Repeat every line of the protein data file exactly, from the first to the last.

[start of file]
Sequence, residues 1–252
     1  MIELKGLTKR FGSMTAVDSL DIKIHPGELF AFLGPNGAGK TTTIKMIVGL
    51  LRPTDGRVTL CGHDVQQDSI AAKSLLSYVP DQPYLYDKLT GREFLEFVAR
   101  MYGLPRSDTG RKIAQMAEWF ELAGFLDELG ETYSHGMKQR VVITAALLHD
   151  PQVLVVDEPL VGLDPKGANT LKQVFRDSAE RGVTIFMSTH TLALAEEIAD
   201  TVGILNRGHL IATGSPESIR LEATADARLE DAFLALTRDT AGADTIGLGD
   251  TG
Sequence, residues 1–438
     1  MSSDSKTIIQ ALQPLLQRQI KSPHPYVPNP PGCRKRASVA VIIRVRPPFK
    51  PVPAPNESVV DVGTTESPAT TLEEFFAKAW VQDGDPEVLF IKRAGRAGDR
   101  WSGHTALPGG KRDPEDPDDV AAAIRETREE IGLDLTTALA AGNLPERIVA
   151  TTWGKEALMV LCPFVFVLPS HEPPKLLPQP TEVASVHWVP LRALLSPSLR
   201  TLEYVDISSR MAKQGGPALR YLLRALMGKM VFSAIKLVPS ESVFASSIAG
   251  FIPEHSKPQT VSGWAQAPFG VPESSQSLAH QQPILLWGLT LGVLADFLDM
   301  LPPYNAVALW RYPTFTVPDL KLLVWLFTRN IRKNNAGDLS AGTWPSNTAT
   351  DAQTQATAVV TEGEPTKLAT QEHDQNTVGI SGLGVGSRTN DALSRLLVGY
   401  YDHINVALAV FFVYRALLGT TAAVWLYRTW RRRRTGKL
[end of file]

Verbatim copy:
Sequence, residues 1–252
     1  MIELKGLTKR FGSMTAVDSL DIKIHPGELF AFLGPNGAGK TTTIKMIVGL
    51  LRPTDGRVTL CGHDVQQDSI AAKSLLSYVP DQPYLYDKLT GREFLEFVAR
   101  MYGLPRSDTG RKIAQMAEWF ELAGFLDELG ETYSHGMKQR VVITAALLHD
   151  PQVLVVDEPL VGLDPKGANT LKQVFRDSAE RGVTIFMSTH TLALAEEIAD
   201  TVGILNRGHL IATGSPESIR LEATADARLE DAFLALTRDT AGADTIGLGD
   251  TG
Sequence, residues 1–438
     1  MSSDSKTIIQ ALQPLLQRQI KSPHPYVPNP PGCRKRASVA VIIRVRPPFK
    51  PVPAPNESVV DVGTTESPAT TLEEFFAKAW VQDGDPEVLF IKRAGRAGDR
   101  WSGHTALPGG KRDPEDPDDV AAAIRETREE IGLDLTTALA AGNLPERIVA
   151  TTWGKEALMV LCPFVFVLPS HEPPKLLPQP TEVASVHWVP LRALLSPSLR
   201  TLEYVDISSR MAKQGGPALR YLLRALMGKM VFSAIKLVPS ESVFASSIAG
   251  FIPEHSKPQT VSGWAQAPFG VPESSQSLAH QQPILLWGLT LGVLADFLDM
   301  LPPYNAVALW RYPTFTVPDL KLLVWLFTRN IRKNNAGDLS AGTWPSNTAT
   351  DAQTQATAVV TEGEPTKLAT QEHDQNTVGI SGLGVGSRTN DALSRLLVGY
   401  YDHINVALAV FFVYRALLGT TAAVWLYRTW RRRRTGKL